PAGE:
With Friends like Takeda Shingen, Who Needs Enemies?
When your friends/enemies/frenemies’ nickname for you is “Tiger,” watch out – you are a BAMF to the nth degree… as was the “Tiger of Kai,” a famous Japanese military leader by the name of Takeda Shingen. Shingen was born in 1521 in the Kai province of Japan. “Shingen” is actually his dharma name, given to him by his Buddhist master as he was training to become a priest. Naturally, after becoming a man of the cloth, the next thing he achieved was driving his father into exile, forcing him to retire as head of the Takeda clan. Thus, Shingen became provincial governor of Kai, and the real work began…
Objective Numero Uno: Conquer Shinano province. Shingen made considerable advances into this region, but he was stopped at Uetahara where he lost two of his generals (Although later, Shingen avenged them like the Japanese version of Kill Bill, complete with surprise attacks).
Objective Numero Dos: Beat Uesugi Kenshin into the dust. Kenshin was a noted warrior, also called the “Tiger of Echigo.” Hey boy, there’s only one Tiger in these here parts. Shingen battled for control of the Kanto Plain, a key region in Japan. The showdowns between Kenshin and Shingen are still legendary – they fought at least five times and came to a draw. Folklore about their 4th battle depicts Kenshin’s men clearing a path through the troops, so that Kenshin could ride forth and engage Shingen in hand-to-hand combat, Kenshin striking with his sword and Shingen defending with his iron war fan! Exciting enough to pretend it’s not fictional, I’d say.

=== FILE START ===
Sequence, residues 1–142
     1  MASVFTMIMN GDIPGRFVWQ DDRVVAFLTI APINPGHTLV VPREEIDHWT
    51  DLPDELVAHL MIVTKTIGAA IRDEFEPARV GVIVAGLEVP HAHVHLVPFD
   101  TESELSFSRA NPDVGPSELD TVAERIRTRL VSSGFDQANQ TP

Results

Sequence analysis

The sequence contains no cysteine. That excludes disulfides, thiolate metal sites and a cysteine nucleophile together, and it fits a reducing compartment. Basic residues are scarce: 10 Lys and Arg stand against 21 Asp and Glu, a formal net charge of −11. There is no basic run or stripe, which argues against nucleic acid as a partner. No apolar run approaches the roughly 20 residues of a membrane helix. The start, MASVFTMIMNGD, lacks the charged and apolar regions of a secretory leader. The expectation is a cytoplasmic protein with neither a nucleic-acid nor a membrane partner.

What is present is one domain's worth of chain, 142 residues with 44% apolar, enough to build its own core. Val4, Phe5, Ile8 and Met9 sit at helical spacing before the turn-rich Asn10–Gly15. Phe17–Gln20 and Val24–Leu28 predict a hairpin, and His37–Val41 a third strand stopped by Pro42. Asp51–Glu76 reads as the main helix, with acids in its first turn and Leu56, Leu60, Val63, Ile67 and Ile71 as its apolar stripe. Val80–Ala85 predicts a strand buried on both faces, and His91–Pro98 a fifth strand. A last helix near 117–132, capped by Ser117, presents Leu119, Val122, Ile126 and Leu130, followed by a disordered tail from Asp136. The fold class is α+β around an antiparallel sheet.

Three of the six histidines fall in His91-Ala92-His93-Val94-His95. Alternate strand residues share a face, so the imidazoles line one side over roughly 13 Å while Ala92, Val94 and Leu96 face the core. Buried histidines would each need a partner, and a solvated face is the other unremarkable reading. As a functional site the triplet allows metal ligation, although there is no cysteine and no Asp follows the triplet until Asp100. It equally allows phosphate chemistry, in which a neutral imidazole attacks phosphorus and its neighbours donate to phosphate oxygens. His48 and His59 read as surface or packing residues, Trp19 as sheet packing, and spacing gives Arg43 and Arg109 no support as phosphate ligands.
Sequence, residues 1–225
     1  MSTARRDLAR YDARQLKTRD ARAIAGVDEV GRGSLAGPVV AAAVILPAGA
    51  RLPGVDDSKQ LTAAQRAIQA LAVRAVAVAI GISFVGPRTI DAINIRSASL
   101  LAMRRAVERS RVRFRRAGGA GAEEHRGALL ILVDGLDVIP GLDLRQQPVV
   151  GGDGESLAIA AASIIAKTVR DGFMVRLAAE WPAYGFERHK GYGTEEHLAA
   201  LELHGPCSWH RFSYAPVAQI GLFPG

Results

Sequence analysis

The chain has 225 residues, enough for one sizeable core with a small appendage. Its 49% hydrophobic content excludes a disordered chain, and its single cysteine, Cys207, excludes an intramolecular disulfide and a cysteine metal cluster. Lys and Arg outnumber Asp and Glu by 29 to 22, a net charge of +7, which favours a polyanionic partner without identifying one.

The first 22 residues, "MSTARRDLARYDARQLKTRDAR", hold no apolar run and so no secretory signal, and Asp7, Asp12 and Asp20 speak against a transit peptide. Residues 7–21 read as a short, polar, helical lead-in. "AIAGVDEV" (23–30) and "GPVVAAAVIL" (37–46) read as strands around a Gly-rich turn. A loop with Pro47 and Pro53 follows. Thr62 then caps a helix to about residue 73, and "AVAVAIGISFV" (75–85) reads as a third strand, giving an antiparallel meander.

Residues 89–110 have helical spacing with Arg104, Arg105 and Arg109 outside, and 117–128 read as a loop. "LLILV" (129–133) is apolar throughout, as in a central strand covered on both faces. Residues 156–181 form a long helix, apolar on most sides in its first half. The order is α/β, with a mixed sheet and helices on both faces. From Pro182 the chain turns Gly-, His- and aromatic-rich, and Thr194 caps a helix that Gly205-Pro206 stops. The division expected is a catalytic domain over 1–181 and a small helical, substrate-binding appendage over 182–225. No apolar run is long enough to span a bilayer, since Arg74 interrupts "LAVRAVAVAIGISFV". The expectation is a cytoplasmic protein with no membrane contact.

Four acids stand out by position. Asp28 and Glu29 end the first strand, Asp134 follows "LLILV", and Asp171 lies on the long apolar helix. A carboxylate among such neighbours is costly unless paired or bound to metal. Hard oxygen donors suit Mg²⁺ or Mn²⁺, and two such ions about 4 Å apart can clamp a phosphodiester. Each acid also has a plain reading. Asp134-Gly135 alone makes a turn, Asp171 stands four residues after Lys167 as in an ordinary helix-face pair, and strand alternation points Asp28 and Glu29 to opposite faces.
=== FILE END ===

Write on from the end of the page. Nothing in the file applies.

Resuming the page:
Classic Samurai Armor:
Objective Numero Tres: Be a leader of the people. Aside from his war victories, Shingen was known for his great public works, such as applying fair criminal and civil laws, taxing the people based on rate assessment, and damming the Fuji River, one of the greatest civil engineering efforts of the 16th century! His governance methods were so fly, they were adopted by the Tokugawa Shogunate who ruled during the Edo period.
Objective Numero Quatro: Total domination… Even if it means backstabbing, which Shingen dabbled in when he joined Oda Nobunga’s army, only to switch loyalties and fight against Nobunaga at the battle of Honganji. Nobunga was on his way to national control, and Shingen was the only warlord with enough power to derail him. But just as Shingen waged war, he was wounded in battle and passed away in 1573.
Objective Numero Cinco: Cause controversy, even after death. In spite of what I just told you, sources differ on how exactly Shingen died. Some say he succumbed to an old war wound. Some say he was hit by a sniper. Some claim he died of pneumonia or TB. I say, if you wanna fight, you need the Eye of the “Tiger of Kai”!
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